Germans Are World’s Top Spenders on Vacations : Tourism: Trips are an important part of their lives. The Japanese are ranked a distant second.
When it comes to the necessi ties of life, many Germans add something else to the requirements of food, shelter and clothing: Travel.
Germans are the world’s biggest spenders abroad for vacations, well ahead of the Japanese, who rank a distant second, according to a recent report by the Bundesbank.
In the United States, German is practically the second language at many of New York’s leading tourist attractions such as the Empire State Building and Macy’s department store.
A strong mark that boosts buying power and a healthy dose of “Wanderlust,” along with East Germans taking advantage of their right since 1990 to travel freely, underscore the well-earned title for Germans of “top world travelers.”
Despite rising taxes and lingering concerns about the economy, Germans are set to spend a record $47.53 billion abroad in 1995 compared with the prior record of $44.23 billion set last year, a leading German economist said recently.
“Travel is critical to Germans, even more so than hobbies, autos or entertainment,” Armin Unterberg of Dresdner Bank told a news conference at the annual CMT international travel fair.
The record $44.23 billion in spending last year also marked the first time since World War II that travel spending rose in Germany during a recession, he said.
The fair, expected to attract about 230,000 people during a nine-day period that began last week, offers Germans the chance to learn about vacations to more than 100 countries.
Those in attendance are more than just window-shopping. Net spending by Germans abroad totaled an estimated $33.01 billion in 1994, up from $29.44 billion in 1993, according to the report issued this month by the Bundesbank.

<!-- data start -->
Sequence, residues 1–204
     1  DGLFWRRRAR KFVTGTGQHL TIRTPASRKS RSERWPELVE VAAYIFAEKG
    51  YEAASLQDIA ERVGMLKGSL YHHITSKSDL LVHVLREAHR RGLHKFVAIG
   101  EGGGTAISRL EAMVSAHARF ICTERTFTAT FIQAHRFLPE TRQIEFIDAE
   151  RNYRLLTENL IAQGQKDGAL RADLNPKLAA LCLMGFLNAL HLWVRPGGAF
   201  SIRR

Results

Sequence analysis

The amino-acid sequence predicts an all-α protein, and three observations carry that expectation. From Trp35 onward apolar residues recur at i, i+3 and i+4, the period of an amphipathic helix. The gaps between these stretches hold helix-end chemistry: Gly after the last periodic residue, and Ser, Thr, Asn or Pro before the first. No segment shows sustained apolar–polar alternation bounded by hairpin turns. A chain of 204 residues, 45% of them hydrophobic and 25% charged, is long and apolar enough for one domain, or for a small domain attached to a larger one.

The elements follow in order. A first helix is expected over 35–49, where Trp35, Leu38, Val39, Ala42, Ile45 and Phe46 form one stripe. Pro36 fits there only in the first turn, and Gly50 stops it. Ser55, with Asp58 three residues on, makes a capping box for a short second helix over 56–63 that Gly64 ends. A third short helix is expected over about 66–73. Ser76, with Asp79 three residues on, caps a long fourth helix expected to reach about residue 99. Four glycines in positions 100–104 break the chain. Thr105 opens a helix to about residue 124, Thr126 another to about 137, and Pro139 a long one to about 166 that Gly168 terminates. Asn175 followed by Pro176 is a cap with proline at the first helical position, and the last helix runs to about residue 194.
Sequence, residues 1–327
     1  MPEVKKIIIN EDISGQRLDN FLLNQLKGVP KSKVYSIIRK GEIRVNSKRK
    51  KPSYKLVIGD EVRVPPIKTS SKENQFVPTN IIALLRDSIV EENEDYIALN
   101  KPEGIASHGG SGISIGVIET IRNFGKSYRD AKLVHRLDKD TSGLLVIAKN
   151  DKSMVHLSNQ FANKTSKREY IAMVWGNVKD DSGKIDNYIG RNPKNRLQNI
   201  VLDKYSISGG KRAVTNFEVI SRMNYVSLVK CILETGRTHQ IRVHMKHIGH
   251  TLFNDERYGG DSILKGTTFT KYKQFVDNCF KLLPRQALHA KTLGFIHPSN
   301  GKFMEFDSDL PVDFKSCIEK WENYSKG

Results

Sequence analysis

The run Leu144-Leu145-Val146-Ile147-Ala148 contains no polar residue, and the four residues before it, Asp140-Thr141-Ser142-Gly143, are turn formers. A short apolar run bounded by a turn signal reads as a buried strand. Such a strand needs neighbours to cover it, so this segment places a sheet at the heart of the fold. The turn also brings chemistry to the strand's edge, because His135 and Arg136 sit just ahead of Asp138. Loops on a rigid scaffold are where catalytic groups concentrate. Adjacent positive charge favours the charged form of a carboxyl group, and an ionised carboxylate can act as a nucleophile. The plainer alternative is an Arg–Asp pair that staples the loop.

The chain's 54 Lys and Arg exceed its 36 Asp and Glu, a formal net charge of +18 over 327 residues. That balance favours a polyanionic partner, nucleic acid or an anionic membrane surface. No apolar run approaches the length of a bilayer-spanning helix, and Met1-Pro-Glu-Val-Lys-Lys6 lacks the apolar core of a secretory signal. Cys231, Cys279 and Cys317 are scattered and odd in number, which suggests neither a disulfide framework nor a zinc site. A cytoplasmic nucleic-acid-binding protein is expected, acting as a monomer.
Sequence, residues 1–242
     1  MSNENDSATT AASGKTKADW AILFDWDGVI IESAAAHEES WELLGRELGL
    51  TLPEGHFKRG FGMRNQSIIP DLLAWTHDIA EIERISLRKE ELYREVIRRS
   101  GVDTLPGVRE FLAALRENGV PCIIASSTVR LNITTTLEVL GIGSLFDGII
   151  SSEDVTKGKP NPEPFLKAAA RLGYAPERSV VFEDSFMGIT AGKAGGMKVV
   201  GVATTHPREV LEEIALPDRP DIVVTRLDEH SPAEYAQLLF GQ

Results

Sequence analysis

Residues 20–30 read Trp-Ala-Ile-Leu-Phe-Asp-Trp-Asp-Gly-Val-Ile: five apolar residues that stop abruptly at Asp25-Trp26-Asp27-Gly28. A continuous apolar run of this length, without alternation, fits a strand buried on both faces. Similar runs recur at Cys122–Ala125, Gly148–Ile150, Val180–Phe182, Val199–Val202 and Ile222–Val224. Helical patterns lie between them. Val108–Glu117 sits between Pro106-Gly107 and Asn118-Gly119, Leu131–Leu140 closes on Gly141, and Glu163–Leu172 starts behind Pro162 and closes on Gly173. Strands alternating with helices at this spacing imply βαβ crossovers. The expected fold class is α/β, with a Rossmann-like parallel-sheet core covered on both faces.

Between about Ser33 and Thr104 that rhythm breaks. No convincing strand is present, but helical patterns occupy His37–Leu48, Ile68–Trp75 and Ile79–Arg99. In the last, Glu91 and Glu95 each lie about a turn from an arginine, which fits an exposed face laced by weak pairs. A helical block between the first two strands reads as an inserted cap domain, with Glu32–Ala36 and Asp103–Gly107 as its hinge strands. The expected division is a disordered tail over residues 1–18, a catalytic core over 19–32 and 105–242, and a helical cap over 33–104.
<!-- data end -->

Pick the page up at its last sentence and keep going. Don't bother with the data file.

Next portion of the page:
By comparison, the Japanese spent the equivalent of $25.09 billion abroad in 1993, according to the Bundesbank data.
The German travel deficit is expected to rise to about $55 billion in 1995, but at a slower rate than in recent years, Unterberg said in the report released each year at the fair.
The travel deficit has been in the red since 1960 at $660 million and has been steadily surging ever since, helping to wipe out a growing positive trade balance in recent years, Unterberg said.
The growing travel deficit also highlights the pitfalls of having a strong currency: Germany is not attractive to tourists.
Spending by foreign tourists in Germany has remained steady at $11.22 billion each year since 1990, and Unterberg predicted spending to remain at that level in 1995.
“Travel among foreigners in Germany is stagnant,” he said.
Indeed, the strength of the mark has been daunting to foreign visitors: The number of foreign guests staying overnight in Germany fell 15% between 1990 and 1993.
The German tourist board DZT underwent a major restructuring in 1994 to boost German tourism, but the country still suffers from the perception that it is not interesting to young travelers who typically spend more money than older travelers.
The gains in foreign spending have also come at a time of real income cuts, high unemployment and reductions in spending for household goods and services, Unterberg said.
The report said Germans spend about 3.6% of their income on travel, above the average of 2.9% for Europe.
Norbert Walter, chief economist at Deutsche Bank, said the desire to travel, combined with lower disposable incomes due to the higher taxes, could lead to a disturbing drop in savings that could lead to economic problems in the future.
“Germans plan nothing else as carefully as their vacations,” Walter said. “It’s a problem for our future. We are not saving and investing enough. Instead, people just want to travel.”